Impact of Alternative Regeneration Methods on Genetic Diversity in Coastal Douglas-Fir
Abstract:Genetic implications of natural and artificial regeneration following three regeneration methods (group selection, shelterwood, and clearcut) were investigated in coastal Douglas-fir (Pseudotsuga menziesii var. menziesii [Mirb.] Franco) using genetic markers (17 allozyme loci). In general, harvesting followed by either natural or artificial regeneration resulted in offspring populations little altered from those in the previous generation. Cutting the smallest trees to form shelterwoods, however, resulted in the removal of rare, presumably deleterious, alleles, such that slightly fewer alleles per locus were observed among residual trees (2.76) and natural regeneration (2.75) than found in uncut (control) stands (2.86). Thus, although the shelterwood regime appears quite compatible with gene conservation, it would be best to leave parent trees of a range of sizes in shelterwoods designated as gene conservation reserves, in order to maximize the number of alleles (regardless of current adaptive value) in naturally regenerated offspring. Seedling stocks used for artificial regeneration in clearcut, shelterwood, and group selection stands (7 total) had significantly greater levels of genetic diversity, on average, than found in natural regeneration. This is probably because the seeds used in artificial seedling stocks came from many wild stands and thus, sampled more diversity than found in single populations. For. Sci. 44(3): 390-396.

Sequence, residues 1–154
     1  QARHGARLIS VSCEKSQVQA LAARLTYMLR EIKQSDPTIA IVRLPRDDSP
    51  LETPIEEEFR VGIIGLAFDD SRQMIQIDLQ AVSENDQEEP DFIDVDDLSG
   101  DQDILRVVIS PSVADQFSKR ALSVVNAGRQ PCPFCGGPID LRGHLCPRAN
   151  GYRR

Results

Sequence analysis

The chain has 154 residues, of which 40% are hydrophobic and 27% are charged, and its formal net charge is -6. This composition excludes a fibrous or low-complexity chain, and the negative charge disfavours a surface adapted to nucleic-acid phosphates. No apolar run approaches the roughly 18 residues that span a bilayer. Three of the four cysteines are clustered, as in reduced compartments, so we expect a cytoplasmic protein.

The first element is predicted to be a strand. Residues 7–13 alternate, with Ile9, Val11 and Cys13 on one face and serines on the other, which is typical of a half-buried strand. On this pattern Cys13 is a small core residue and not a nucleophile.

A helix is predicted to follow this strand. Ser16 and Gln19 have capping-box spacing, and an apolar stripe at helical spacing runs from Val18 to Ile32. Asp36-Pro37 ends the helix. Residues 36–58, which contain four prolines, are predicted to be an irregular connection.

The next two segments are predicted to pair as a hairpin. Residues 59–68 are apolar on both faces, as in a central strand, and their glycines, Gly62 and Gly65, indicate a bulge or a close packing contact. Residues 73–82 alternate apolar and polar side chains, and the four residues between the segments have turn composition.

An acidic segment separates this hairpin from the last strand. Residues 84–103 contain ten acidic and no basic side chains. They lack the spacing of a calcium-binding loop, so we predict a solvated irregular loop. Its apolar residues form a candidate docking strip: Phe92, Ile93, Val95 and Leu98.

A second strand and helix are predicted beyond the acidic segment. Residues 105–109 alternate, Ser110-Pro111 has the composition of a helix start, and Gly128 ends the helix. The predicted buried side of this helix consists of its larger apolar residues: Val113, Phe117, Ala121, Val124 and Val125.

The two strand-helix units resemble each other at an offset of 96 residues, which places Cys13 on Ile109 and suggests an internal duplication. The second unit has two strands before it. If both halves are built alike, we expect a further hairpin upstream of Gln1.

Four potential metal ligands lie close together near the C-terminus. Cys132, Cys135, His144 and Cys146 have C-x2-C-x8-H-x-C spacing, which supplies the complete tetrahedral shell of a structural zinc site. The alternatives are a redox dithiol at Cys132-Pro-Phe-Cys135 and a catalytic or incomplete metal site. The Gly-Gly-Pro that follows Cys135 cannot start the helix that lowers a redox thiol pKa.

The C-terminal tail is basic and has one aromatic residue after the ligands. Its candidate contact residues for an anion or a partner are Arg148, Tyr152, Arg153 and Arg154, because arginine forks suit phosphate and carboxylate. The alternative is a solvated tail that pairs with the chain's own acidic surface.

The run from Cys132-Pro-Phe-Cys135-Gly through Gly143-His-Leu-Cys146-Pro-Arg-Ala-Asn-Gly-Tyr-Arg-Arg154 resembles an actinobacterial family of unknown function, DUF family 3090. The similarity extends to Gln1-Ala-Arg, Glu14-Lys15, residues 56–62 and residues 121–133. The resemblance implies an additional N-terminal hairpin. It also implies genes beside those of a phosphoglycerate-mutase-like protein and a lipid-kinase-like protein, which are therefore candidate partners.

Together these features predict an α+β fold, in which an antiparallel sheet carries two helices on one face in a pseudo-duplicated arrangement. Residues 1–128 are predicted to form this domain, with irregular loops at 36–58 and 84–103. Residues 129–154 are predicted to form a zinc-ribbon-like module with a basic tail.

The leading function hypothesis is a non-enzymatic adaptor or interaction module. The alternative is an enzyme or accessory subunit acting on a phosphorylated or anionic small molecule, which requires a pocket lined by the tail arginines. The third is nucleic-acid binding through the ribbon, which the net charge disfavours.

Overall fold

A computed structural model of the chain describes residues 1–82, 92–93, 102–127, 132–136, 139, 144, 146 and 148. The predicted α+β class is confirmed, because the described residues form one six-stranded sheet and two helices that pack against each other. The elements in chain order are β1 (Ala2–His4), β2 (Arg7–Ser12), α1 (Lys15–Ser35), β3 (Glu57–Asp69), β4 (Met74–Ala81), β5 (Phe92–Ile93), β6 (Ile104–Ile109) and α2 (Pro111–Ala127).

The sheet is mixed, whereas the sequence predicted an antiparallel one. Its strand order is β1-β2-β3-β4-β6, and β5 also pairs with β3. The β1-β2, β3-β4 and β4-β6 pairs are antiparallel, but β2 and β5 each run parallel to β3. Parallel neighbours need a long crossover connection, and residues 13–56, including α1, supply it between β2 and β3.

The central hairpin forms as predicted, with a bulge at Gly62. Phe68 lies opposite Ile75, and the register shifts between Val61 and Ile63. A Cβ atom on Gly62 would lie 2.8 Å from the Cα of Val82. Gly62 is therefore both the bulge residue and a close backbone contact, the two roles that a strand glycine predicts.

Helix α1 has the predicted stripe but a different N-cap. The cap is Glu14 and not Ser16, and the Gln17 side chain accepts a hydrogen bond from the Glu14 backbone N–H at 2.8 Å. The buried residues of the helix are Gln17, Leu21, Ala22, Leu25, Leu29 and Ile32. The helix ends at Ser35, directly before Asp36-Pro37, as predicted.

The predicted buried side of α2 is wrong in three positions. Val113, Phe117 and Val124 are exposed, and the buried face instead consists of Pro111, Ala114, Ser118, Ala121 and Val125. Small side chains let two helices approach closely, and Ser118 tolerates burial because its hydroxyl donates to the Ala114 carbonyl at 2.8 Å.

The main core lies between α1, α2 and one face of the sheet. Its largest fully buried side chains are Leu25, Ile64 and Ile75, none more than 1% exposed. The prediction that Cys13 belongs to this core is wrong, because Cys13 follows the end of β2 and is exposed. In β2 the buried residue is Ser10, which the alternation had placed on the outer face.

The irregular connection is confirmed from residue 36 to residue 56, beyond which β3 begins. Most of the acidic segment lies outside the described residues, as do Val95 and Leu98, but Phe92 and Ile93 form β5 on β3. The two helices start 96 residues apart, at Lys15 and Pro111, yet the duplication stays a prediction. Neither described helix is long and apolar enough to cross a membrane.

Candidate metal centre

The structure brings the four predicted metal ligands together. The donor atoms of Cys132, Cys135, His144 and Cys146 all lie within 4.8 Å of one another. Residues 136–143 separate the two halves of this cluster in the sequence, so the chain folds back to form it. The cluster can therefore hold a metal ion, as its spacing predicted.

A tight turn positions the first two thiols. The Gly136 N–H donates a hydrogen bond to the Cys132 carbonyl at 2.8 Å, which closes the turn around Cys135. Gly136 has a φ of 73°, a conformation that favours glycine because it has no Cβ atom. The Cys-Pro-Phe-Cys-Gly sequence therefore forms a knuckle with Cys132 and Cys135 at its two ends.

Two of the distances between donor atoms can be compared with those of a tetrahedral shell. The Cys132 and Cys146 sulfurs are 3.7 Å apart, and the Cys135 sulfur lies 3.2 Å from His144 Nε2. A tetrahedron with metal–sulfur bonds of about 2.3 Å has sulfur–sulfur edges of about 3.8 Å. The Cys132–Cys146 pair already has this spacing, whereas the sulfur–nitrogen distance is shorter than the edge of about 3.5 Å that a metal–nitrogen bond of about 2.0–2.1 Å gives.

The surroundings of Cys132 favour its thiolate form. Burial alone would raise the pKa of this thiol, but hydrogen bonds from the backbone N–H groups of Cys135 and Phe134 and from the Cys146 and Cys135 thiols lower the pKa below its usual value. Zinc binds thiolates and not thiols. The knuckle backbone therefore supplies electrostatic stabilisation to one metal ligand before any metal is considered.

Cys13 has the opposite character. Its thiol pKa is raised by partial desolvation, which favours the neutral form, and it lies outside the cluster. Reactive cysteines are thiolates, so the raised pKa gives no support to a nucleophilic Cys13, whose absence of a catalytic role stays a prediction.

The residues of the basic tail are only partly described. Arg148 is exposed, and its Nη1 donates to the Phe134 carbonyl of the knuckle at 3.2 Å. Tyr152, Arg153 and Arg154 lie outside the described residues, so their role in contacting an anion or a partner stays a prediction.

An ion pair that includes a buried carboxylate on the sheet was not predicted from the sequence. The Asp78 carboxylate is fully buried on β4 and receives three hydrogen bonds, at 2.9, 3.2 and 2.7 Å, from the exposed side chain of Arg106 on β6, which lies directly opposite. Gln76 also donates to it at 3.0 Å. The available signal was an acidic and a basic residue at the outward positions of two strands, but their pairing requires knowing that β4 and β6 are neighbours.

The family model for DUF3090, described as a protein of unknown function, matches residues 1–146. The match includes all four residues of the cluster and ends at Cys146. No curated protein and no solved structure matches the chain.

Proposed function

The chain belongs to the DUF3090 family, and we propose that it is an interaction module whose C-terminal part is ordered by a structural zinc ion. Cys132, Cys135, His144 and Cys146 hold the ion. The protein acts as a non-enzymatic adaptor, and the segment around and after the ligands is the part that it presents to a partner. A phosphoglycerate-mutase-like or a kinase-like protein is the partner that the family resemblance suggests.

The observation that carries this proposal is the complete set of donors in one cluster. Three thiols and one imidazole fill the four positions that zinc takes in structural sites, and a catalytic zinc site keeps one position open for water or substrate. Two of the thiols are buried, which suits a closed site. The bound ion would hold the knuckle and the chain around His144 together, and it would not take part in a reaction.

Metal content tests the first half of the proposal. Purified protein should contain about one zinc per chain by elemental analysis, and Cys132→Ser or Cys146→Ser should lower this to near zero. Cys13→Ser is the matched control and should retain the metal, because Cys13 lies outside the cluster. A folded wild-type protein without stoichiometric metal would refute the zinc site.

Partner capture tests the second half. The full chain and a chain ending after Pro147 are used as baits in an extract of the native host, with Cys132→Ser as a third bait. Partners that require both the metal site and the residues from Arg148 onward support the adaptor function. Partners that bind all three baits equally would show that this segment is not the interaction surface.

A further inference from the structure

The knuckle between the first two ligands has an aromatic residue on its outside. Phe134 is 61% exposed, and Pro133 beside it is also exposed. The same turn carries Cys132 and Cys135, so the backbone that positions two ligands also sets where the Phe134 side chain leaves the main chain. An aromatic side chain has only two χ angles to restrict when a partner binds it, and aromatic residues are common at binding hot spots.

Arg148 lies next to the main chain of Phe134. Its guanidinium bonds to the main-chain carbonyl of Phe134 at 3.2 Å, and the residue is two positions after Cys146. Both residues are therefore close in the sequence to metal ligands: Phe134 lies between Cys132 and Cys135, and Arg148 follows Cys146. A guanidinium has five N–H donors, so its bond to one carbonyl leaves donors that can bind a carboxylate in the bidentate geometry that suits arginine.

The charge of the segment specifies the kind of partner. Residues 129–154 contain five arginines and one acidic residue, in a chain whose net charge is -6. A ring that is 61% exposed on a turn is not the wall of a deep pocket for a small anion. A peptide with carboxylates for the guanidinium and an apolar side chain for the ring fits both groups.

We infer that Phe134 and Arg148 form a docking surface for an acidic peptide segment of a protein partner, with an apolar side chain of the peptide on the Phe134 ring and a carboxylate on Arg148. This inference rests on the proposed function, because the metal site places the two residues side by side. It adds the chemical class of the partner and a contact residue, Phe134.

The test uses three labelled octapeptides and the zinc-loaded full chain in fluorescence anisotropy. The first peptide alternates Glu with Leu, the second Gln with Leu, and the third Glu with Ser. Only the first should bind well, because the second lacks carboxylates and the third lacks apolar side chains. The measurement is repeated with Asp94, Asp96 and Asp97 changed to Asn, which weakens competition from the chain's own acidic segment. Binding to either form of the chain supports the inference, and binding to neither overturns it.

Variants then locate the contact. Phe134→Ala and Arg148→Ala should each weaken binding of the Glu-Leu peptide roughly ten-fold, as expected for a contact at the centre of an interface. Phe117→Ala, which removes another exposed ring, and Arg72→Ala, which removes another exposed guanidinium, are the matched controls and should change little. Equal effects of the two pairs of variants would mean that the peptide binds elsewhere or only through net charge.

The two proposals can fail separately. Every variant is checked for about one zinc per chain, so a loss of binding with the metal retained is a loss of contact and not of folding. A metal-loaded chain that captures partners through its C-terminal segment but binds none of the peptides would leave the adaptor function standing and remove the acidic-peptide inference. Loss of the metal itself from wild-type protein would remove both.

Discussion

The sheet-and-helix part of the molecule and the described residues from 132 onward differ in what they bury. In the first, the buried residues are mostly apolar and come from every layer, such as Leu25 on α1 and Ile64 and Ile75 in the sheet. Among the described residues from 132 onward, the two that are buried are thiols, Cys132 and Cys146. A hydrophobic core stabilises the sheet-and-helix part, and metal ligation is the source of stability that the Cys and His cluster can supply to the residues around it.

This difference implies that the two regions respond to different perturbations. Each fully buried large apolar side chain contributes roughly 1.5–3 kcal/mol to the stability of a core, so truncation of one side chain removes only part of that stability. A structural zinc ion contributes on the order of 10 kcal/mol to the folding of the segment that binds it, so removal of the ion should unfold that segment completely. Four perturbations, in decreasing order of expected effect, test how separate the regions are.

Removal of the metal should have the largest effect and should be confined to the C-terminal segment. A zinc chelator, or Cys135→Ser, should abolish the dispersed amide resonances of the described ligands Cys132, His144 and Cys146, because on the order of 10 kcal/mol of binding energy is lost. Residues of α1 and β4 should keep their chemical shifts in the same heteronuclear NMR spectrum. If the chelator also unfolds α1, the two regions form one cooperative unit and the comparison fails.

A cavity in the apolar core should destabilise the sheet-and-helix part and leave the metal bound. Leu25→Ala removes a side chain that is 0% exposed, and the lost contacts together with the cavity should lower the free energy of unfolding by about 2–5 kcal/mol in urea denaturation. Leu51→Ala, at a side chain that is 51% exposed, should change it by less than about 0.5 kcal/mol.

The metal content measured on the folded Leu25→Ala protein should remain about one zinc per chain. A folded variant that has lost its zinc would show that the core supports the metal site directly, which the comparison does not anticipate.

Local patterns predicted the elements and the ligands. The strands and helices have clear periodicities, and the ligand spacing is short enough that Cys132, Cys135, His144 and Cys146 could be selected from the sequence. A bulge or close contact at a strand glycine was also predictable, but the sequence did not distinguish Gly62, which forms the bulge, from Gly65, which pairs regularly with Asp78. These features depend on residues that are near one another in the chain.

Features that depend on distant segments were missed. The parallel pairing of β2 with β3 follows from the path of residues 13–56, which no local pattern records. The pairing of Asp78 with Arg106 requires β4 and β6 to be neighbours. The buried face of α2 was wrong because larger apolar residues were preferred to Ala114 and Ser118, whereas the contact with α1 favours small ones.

Document Type: Journal Article
Affiliations: Senior Research Forester, USGS, Biological Resources Division, Forest and Rangeland Ecosystem Science Center, 3200 Jefferson Way, Corvallis, OR 97331
Publication date: August 1, 1998
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